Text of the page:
- Join specific social media groups for survivors. This provides you a space to share with others who consent to hear other survivors’ experiences.
How Does Trauma Dumping Affect the People Around You?
Trauma dumping crosses other people’s emotional boundaries. They didn’t consent to hear about the other person’s trauma. It likely caught them off guard and may leave them feeling:
Social Media and Trauma Dumping
Social media and trauma have a complicated relationship. At its best, it can:
- Connect survivors
- Provide a platform for individuals to tell their stories
- Support community advocacy
- Spread awareness, resources and education
Unfortunately, it can also be a place filled with trauma dumping. The ease of posting information online creates spaces where individuals can overshare with large audiences without considering the impact. Viewers are exposed to traumatic stories and graphic details before they have a chance to decide whether or not they want to know those things. This can be triggering for other trauma survivors and distressing for non-survivors.
A recent trend on TikTok involves sharing what seems to be a happy story that then suddenly cuts to a traumatic ending with no warning. Taking part in trauma dumping trends online can lead to oversharing. This may be to gain sympathy or followers or one-up other users.
How To Respond to Trauma Dumping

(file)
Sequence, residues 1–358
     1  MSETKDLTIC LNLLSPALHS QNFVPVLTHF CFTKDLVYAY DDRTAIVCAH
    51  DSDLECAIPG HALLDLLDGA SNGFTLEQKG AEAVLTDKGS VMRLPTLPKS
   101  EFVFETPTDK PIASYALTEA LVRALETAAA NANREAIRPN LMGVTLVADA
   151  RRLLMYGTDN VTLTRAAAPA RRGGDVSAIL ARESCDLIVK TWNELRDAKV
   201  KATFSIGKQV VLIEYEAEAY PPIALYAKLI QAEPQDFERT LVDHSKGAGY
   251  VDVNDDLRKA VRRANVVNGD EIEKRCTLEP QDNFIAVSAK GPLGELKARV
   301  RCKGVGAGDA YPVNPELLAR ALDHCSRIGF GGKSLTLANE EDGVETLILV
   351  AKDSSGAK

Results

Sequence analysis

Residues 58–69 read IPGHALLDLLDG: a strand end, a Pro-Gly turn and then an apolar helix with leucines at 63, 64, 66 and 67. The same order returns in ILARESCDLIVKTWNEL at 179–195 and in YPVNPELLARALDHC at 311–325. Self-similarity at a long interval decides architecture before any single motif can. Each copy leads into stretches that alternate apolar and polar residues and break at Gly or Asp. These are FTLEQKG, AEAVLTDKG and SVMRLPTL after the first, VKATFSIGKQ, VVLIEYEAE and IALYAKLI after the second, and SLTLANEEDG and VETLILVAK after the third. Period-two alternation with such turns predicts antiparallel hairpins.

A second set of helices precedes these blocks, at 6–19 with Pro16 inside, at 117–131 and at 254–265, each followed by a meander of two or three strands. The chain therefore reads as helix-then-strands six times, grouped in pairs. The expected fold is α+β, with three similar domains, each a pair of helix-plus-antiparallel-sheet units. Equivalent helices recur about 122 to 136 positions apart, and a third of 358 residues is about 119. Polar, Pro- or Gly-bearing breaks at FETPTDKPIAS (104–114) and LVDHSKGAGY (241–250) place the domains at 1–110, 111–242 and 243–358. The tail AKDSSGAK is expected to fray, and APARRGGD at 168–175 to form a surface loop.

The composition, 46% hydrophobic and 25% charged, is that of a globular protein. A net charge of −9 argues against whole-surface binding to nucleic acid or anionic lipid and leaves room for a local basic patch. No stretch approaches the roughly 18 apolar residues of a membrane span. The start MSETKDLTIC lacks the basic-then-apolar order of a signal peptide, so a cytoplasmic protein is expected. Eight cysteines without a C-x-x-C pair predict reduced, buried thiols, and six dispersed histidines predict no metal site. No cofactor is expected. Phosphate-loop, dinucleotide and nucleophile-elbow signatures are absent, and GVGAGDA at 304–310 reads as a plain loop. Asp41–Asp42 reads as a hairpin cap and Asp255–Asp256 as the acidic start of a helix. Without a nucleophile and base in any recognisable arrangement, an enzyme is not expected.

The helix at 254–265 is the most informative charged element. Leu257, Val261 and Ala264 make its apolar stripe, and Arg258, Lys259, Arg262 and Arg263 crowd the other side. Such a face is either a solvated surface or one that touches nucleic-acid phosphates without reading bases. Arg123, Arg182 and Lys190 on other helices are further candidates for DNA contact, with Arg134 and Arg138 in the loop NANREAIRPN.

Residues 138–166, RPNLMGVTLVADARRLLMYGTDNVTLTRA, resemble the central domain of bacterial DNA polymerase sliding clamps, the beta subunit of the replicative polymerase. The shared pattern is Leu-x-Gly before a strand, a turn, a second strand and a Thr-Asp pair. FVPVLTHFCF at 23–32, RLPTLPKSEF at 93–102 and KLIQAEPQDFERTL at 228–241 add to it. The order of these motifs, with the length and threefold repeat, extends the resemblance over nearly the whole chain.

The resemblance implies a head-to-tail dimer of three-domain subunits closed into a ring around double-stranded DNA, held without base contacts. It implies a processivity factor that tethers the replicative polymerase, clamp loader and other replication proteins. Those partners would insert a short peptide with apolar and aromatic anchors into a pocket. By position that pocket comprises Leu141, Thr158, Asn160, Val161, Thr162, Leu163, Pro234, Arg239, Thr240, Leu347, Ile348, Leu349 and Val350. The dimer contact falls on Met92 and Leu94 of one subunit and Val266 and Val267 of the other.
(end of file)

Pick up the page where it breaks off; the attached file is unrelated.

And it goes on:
It can feel emotionally draining when someone dumps trauma on you. If you recognize a pattern of this behavior, it’s important to take steps to care for your mental health. This may look like setting boundaries, interrupting the person oversharing and practicing self-care.
Try to converse with the individual when you are both calm instead of mid-trauma dump. You can use statements like:
- I’m glad you felt safe sharing with me the other day. I want to make sure you get what you need. I think a therapist would be better equipped than me to support you.
- I want to support you well, so can you ask before you share painful experiences with me? That way, I can ensure I’m in a good place to help you.
- I care about you, but hearing about (insert trauma) triggers my history. I’m not able to listen and be supportive.
You often don’t foresee trauma dumping, so prepare ways to interrupt the individual.
- I’m glad you feel safe telling me this, but I’m not in a place to listen and be supportive right now.
- Thank you for trusting me with this, but I cannot give it my full attention right now. Can we talk about this later?
- That was really (scary/painful) for you, and thank you for trusting me. This is triggering for me, though, so I don’t think I’m the best person to share this with.
After getting away from the situation, do something to help ground yourself and recover. Try a deep breathing exercise, go for a walk or shake out your extremities (arms, hands, legs).
If you or a loved one are seeking support due to past trauma, help is available. The Nobu app offers free mindfulness and breathing activities and guided video lessons. For an additional fee, you can connect with a licensed therapist for more help. Download it today in the Google Play store or Apple Store.
Take Control Of Your Mental Health
- National Center for PTSD. “How Common is PTSD in Adults?” 2014, U.S. Department of Veterans Affairs, Accessed September 1, 2022.